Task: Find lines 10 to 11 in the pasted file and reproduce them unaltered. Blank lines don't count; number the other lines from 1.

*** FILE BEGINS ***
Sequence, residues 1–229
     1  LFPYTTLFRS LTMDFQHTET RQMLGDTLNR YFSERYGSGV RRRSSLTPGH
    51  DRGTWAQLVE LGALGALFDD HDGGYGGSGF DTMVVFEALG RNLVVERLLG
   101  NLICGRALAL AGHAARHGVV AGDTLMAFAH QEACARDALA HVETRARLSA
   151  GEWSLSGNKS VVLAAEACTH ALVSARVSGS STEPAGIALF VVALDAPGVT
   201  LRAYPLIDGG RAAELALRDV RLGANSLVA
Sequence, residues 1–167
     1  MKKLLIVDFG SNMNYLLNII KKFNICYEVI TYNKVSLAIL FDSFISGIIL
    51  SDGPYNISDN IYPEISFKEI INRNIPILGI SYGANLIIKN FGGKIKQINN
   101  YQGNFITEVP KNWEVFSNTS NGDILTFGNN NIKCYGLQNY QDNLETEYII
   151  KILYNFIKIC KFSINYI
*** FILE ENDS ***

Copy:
   101  YQGNFITEVP KNWEVFSNTS NGDILTFGNN NIKCYGLQNY QDNLETEYII
   151  KILYNFIKIC KFSINYI